9. Writing to Heal Thyself: Physician as Person & Person as Physician

    ERIC Educational Resources Information Center

    Kasman, Deborah L.

    2006-01-01

    An experienced physician-teacher shares her own experiences with loss in medicine and loss in her personal life. Through personal writings during her divorce, she exemplifies the healing effect writing can have during difficult transformations that occur in life. She shares her bias that physicians need to accept and own their emotions and can use…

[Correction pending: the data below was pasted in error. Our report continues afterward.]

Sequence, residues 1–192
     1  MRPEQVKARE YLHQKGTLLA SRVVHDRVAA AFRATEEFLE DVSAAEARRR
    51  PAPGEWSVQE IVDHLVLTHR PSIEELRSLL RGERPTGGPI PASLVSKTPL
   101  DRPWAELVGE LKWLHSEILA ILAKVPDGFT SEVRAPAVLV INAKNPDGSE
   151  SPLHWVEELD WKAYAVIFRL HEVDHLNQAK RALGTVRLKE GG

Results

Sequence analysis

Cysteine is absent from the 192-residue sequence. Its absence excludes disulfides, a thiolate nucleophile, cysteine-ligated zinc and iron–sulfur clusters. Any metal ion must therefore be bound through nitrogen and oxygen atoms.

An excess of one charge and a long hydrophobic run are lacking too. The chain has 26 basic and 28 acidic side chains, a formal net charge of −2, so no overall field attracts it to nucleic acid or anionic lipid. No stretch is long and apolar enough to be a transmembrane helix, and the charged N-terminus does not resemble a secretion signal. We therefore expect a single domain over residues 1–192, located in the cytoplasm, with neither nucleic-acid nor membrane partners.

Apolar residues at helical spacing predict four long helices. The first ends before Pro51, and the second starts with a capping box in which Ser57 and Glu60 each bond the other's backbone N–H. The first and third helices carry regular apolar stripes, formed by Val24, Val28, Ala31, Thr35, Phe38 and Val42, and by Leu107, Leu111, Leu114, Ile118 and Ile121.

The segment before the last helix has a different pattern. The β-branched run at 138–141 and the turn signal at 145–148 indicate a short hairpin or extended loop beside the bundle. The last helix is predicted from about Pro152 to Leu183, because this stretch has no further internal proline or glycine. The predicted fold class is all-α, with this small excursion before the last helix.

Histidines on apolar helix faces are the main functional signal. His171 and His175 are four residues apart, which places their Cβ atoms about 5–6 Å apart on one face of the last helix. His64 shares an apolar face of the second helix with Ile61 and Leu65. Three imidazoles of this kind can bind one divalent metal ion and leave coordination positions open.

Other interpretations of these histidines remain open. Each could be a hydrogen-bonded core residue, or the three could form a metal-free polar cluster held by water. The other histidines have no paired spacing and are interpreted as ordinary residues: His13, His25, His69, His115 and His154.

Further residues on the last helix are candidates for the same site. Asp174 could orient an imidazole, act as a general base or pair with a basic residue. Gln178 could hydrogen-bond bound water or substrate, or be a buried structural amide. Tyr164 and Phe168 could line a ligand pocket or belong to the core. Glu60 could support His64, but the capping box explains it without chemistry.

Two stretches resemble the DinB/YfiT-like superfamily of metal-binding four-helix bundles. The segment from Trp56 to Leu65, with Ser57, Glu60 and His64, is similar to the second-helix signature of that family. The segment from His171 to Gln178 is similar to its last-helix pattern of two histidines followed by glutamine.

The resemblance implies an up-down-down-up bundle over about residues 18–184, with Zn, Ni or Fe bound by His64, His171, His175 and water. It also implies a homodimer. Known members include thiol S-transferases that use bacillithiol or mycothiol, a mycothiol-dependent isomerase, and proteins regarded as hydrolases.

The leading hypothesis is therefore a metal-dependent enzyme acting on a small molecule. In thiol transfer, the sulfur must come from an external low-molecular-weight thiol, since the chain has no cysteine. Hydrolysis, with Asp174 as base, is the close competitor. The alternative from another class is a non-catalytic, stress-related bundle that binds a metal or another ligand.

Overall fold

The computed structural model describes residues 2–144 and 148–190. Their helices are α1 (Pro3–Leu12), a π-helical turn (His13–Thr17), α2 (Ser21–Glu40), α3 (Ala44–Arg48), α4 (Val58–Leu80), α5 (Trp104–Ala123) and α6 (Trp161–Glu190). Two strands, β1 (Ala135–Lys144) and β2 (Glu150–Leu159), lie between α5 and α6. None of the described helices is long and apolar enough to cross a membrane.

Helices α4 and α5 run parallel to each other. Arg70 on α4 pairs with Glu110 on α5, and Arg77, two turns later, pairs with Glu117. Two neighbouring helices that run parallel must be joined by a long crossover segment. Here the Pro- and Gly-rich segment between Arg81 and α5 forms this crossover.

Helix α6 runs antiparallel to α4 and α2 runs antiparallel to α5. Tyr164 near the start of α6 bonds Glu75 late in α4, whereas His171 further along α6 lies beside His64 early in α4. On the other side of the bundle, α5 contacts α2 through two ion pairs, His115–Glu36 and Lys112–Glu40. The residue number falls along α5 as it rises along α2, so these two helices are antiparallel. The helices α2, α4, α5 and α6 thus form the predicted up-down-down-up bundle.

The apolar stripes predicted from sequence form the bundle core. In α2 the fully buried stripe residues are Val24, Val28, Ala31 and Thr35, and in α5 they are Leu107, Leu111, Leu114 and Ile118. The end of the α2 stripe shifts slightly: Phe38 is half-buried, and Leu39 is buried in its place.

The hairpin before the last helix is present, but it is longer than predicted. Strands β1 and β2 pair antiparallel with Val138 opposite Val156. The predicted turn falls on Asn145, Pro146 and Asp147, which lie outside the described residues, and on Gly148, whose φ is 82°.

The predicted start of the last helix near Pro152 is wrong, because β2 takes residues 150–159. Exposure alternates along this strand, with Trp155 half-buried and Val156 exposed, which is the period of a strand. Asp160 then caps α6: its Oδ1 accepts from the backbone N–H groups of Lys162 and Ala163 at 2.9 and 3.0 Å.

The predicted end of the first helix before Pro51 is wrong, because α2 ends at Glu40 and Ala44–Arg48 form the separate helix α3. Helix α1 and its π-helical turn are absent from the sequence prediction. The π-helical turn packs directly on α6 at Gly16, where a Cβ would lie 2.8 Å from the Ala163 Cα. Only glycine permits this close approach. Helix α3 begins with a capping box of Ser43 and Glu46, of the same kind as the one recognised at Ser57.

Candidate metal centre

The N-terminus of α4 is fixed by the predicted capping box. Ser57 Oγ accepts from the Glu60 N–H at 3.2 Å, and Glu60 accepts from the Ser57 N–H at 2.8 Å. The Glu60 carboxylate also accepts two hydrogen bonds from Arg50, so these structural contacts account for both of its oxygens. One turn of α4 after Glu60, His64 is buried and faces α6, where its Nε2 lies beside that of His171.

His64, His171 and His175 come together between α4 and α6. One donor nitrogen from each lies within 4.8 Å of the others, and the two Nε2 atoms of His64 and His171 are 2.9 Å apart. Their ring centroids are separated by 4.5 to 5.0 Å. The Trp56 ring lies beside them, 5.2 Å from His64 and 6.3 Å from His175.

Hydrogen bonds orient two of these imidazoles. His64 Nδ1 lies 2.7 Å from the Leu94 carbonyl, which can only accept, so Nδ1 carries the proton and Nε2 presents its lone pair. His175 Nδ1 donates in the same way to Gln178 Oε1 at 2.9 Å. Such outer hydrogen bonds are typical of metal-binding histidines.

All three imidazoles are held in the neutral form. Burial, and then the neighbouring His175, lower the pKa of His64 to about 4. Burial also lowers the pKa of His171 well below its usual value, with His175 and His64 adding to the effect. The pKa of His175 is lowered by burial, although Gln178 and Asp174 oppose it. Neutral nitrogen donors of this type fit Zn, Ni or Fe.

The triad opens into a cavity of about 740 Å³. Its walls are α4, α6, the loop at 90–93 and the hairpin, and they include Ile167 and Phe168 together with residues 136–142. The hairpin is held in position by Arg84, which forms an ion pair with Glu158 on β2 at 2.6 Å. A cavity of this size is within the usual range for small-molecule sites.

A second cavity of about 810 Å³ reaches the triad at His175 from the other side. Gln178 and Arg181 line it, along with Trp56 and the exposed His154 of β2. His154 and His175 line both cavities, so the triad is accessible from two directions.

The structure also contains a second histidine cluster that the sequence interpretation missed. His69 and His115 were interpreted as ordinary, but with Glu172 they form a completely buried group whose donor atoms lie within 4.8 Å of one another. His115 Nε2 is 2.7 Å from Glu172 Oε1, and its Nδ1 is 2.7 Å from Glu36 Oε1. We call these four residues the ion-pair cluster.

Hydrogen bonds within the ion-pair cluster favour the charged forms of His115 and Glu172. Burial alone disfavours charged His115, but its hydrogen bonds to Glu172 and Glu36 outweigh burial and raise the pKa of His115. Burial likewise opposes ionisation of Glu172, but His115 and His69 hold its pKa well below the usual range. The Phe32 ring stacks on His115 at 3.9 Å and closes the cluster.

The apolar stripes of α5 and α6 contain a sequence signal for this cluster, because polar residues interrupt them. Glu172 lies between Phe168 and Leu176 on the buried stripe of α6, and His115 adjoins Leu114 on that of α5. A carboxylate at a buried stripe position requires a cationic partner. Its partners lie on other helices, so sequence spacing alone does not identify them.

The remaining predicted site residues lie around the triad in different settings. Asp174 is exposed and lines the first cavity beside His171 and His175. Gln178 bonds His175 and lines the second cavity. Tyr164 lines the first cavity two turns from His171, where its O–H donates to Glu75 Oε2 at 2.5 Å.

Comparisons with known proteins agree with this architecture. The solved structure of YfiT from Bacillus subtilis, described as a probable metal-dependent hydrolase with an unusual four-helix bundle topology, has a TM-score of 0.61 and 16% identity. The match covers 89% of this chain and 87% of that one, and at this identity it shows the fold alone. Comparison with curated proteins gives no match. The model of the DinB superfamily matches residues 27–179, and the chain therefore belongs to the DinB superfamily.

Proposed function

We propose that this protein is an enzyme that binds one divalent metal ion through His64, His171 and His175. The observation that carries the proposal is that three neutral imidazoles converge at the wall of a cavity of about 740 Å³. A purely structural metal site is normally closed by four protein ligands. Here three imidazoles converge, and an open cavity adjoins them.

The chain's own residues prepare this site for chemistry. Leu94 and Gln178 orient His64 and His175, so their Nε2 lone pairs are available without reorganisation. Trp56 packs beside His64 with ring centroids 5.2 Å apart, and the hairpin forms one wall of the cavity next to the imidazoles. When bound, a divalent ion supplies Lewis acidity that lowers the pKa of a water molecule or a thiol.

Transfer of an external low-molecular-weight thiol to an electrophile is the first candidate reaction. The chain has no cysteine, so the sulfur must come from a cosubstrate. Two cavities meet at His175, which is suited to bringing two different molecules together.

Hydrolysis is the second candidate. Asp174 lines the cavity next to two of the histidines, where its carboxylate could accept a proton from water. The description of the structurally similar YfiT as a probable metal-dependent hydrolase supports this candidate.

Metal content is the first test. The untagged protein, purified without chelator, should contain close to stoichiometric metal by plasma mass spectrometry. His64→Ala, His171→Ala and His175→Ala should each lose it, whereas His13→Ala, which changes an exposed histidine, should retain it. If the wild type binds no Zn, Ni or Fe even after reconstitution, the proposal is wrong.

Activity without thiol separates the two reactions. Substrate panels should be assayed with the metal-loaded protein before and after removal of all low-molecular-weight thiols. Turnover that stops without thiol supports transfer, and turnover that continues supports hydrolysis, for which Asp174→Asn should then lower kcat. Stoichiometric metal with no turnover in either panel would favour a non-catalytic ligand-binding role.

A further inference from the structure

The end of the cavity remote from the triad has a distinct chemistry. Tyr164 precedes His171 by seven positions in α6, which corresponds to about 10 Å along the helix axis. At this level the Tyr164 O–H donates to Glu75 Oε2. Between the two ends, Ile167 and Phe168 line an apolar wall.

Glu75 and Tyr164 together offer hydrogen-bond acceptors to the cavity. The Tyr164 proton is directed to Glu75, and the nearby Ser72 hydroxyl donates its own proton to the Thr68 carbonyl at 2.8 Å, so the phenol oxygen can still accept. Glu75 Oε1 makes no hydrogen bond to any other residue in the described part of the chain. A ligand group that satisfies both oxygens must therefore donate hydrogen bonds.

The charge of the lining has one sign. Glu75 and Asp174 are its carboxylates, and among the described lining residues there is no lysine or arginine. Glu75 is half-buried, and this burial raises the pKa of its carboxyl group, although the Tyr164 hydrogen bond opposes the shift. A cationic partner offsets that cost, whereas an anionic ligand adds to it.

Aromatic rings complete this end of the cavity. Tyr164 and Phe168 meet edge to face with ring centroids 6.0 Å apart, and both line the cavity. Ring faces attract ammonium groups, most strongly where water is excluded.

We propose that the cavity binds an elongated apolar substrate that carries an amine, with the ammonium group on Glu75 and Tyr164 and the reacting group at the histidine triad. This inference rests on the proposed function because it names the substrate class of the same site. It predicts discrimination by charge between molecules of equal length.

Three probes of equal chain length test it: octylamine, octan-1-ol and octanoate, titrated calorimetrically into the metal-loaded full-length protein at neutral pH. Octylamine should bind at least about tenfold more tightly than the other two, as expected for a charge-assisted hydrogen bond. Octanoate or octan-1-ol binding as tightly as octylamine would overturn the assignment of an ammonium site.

10. Five things physicians should know about physician assistants.

    PubMed

    Keizer, Tracy

    2012-11-01

    Physician assistants (PAs) have become integral members of the health care team. They are expected to play an even larger role as health care delivery evolves. This article highlights some of the facts physicians should know about PAs and the role they play in the health care system. PMID:23243755

  11. From Wolff's law to the Utah paradigm: insights about bone physiology and its clinical applications.

    PubMed

    Frost, H M

    2001-04-01